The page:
Human (Homo sapiens) Cell Cutures
When model organisms cannot provide the information needed to answer a particular research question, biologists can turn to cultured human cells.
When model organisms cannot provide the information needed to answer a particular research question, biologists can turn to cultured human cells â€“ which are grown in Petri dishes, in the same way as bacteria. Since cultured cells carry out all basic biochemical functions, they are often used to model specific tissue functions and diseases. Primary cells are derived directly from living tissue â€“ such as blood, muscle, or nerve â€“ and can only be cultured outside the body for a limited number of cell divisions. Immortalized cells have acquired mutations that free them from a fixed life span and allow them to divide indefinitely in culture. Cultured human cells have been especially important in studying the genetic and biochemical events that convert a normal cell into a cancerous one.Embryonic stem cells have the ability to become any cell type, and therefore have enormous potential in terms of replacing damaged cells in the humans body.
cultured human cells, Homo sapiens, model, system, organisms, petri dishes, biochemical functions
- ID: 1715
- Source: DNALC.G2C
Model organisms share with humans many key biochemical and physiological functions that have been conserved (maintained) by evolution.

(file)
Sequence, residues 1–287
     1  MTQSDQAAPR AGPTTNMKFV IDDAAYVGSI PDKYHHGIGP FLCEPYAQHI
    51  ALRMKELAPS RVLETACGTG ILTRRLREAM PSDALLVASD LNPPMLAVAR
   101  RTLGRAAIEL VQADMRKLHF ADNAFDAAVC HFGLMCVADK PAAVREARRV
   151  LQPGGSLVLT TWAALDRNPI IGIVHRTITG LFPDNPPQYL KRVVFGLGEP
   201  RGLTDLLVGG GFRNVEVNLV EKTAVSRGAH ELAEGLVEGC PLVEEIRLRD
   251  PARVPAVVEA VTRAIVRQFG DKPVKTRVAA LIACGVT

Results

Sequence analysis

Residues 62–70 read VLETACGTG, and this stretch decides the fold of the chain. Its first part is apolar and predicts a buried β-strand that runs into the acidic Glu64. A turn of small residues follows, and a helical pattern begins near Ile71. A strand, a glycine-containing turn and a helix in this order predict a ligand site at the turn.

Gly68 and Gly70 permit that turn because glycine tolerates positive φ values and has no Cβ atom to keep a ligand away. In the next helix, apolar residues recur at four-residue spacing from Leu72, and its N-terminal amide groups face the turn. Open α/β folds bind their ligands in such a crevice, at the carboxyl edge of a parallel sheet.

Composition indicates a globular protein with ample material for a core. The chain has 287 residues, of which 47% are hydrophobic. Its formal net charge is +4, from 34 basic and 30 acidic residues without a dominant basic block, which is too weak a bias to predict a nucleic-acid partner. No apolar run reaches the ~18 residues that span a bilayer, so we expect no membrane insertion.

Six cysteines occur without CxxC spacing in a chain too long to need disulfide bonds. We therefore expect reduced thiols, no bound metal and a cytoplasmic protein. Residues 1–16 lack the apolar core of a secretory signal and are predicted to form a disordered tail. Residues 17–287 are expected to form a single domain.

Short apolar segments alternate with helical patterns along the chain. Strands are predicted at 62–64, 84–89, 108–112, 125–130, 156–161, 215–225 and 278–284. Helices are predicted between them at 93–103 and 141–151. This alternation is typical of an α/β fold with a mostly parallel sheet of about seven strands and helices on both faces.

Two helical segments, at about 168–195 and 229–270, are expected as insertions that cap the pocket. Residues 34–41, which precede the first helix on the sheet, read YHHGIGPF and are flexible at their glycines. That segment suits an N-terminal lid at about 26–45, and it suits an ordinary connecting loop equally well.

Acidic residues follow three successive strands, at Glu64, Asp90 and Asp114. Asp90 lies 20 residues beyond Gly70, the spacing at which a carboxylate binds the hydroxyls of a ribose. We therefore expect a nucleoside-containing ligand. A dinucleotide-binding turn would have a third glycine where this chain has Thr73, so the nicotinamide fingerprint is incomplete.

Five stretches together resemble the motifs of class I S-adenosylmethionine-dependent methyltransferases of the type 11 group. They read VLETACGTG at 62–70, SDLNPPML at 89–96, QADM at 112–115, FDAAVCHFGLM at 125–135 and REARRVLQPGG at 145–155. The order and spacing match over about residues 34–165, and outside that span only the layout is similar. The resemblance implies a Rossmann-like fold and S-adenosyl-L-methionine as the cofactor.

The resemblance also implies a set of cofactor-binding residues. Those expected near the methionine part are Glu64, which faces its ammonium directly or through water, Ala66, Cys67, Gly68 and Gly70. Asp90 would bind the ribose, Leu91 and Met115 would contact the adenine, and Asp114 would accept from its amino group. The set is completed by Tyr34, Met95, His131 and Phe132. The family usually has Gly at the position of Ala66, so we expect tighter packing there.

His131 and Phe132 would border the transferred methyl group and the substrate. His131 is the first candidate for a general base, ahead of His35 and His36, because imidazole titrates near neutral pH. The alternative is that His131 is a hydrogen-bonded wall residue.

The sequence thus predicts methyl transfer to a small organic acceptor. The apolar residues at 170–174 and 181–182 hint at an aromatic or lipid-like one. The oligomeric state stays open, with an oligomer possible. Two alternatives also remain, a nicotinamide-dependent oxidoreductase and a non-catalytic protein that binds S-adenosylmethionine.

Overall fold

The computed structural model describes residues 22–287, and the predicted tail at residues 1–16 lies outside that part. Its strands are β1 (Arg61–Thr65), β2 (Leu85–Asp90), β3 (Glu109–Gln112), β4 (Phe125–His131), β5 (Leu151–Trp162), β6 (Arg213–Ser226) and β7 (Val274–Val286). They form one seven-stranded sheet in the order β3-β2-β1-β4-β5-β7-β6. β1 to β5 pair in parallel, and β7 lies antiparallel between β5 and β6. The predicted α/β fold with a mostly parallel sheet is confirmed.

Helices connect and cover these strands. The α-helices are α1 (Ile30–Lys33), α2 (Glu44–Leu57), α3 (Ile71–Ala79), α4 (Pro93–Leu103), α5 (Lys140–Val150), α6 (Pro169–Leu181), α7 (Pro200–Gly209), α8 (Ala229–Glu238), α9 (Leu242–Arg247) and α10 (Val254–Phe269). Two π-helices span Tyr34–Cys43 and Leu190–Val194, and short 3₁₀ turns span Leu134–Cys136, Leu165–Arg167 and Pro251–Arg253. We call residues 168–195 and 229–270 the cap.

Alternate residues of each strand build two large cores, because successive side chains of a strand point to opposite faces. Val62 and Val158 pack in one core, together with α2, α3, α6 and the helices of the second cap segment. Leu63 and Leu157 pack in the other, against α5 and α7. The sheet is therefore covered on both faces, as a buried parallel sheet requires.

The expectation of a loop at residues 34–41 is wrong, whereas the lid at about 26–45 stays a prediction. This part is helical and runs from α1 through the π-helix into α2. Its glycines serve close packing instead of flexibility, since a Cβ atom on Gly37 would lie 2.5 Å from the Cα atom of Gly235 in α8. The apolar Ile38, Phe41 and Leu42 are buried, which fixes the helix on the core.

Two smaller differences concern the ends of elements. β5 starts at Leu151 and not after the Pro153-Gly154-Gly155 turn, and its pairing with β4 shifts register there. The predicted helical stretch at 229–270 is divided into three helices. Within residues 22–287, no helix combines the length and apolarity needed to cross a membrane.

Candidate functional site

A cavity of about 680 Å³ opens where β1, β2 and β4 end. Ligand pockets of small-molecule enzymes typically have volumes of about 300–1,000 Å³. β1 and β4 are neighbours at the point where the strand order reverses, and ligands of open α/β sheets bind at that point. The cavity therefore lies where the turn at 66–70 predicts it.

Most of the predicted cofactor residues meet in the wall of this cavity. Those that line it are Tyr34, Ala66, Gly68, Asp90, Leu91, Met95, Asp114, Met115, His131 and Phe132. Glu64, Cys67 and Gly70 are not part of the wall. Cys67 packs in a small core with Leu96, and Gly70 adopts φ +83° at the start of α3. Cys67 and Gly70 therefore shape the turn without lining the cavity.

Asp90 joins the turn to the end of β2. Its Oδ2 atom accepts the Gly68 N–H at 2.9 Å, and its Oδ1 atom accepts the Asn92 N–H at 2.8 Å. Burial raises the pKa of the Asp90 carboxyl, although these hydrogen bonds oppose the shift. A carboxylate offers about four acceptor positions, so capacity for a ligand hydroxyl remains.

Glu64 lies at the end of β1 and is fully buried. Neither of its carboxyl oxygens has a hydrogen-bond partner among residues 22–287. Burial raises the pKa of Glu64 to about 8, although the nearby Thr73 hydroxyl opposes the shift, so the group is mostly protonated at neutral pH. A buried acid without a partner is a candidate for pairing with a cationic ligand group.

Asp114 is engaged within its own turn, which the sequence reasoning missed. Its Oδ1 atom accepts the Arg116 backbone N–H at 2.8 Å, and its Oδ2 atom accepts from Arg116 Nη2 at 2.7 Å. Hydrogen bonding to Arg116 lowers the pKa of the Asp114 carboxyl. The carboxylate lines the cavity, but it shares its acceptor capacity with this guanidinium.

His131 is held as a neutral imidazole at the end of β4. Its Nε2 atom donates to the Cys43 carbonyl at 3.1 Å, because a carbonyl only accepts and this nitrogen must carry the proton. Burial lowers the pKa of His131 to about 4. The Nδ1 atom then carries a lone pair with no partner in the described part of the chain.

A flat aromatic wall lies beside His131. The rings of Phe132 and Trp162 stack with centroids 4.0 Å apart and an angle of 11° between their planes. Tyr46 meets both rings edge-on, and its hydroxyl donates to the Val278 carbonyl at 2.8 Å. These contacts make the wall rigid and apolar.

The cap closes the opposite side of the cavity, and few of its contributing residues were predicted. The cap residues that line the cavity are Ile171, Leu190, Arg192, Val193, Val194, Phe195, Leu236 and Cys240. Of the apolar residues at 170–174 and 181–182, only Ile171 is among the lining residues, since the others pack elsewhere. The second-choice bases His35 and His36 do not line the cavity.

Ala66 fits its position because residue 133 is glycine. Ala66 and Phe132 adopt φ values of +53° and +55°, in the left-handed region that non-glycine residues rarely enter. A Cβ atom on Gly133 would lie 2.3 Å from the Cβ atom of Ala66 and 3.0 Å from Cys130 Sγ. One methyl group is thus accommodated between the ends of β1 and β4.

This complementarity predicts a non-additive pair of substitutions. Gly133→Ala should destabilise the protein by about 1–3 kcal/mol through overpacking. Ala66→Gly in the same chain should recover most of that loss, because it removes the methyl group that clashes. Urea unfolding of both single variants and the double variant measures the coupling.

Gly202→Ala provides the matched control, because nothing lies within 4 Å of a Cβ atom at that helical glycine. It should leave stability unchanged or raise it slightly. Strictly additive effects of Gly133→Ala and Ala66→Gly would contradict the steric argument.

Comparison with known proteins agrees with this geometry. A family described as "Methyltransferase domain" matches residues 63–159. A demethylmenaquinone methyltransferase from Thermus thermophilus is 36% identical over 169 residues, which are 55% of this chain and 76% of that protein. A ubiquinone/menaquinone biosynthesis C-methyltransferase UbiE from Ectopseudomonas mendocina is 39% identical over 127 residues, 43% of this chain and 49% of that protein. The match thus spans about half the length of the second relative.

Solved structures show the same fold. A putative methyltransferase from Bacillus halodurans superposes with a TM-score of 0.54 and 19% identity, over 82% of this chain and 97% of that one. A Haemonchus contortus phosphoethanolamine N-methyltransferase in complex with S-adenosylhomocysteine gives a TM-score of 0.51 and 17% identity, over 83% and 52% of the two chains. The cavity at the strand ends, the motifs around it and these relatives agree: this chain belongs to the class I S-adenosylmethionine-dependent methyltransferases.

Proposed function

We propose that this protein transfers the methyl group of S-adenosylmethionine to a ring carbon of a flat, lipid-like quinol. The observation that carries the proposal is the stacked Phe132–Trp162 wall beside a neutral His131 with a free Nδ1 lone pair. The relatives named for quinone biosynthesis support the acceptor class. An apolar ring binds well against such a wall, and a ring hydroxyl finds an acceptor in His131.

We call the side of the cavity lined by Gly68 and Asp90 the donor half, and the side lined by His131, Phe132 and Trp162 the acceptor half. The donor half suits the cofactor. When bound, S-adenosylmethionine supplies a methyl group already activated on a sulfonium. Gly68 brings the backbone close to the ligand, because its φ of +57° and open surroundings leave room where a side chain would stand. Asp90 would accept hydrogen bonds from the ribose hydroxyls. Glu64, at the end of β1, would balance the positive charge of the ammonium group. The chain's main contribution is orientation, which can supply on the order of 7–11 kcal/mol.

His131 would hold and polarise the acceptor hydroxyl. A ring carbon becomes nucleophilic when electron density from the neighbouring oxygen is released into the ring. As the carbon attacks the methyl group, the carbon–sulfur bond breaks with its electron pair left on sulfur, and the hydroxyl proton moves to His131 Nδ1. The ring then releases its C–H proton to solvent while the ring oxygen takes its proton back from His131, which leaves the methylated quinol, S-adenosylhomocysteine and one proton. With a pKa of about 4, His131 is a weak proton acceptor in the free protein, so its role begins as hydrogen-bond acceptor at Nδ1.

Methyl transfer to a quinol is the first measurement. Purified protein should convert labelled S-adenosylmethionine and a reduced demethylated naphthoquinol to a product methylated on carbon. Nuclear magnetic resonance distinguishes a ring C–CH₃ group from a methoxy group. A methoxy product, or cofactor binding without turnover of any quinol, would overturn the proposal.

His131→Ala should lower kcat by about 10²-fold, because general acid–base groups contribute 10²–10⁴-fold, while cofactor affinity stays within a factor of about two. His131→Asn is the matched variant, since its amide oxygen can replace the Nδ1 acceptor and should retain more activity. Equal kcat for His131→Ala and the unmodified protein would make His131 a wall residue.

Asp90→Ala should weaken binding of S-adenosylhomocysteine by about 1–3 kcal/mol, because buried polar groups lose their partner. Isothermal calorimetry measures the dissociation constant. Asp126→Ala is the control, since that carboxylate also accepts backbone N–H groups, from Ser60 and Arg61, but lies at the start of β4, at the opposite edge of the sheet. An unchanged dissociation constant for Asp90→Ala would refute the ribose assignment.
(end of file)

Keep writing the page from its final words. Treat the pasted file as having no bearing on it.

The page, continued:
Petri dish, nerve, red blood cells.
A human is a complicated organism, and it is considered unethical to do many kinds of experiments on human subjects. For these reasons, biologists often use simpler “model” organisms that are easy to keep and manipulate in the laboratory.
Professor David Van Vactor explains that model systems are simple organisms that allow us to study and manipulate gene function and development.
Recombinant DNA technology has made it possible to test gene function in bacteria or cell cultures rather than animal models.
Professor David Van Vactor provides a simple explanation for why researchers work with model systems (model organisms).
Human origins expert Chris Stringer talks about the arrival of Homo sapiens and our possible ancestors.
Homo sapiens skull, front view
Homo sapiens skull, side view
It is increasingly clear that the nonneuronal brain cells called glia are intricately involved in the neuronal crosstalk at synapses.